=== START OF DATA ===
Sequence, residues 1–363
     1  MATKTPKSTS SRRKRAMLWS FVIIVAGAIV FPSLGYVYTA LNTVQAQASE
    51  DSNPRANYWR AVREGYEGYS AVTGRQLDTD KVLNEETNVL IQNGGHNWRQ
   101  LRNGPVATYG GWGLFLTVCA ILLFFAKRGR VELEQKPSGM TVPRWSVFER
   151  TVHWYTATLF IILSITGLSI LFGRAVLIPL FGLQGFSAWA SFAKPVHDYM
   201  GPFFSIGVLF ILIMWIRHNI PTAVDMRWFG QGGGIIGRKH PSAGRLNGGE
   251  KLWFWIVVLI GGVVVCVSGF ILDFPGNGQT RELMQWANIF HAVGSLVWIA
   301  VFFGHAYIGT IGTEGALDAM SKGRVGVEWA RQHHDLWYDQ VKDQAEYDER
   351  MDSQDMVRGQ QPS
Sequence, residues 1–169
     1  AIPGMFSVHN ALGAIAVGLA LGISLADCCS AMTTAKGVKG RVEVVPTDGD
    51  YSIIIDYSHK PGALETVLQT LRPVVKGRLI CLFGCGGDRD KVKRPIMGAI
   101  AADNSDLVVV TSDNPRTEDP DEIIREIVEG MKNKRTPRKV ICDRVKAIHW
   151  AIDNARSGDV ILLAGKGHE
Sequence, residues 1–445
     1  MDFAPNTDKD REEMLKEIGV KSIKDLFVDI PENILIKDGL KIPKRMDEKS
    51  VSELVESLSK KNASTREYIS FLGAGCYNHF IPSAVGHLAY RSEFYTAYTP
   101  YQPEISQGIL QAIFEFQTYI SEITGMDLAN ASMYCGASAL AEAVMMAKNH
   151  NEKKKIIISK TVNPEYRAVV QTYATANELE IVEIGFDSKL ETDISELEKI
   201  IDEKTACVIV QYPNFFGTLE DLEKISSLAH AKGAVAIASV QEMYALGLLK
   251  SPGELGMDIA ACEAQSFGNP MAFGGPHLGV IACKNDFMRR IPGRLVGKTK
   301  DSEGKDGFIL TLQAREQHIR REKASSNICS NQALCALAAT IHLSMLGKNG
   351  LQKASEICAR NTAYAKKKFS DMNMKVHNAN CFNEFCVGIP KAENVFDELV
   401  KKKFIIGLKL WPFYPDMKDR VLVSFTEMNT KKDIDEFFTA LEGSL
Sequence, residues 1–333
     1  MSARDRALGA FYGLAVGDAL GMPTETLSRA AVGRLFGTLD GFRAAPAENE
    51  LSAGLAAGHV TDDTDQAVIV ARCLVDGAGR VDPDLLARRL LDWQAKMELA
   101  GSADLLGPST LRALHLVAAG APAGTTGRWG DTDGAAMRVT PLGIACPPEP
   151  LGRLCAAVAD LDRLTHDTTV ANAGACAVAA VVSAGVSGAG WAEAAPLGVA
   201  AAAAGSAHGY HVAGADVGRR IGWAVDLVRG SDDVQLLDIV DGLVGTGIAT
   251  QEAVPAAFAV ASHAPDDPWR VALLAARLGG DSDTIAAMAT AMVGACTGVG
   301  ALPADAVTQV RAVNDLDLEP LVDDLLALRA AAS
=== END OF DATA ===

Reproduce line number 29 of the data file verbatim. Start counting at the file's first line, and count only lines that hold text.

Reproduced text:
   151  LGRLCAAVAD LDRLTHDTTV ANAGACAVAA VVSAGVSGAG WAEAAPLGVA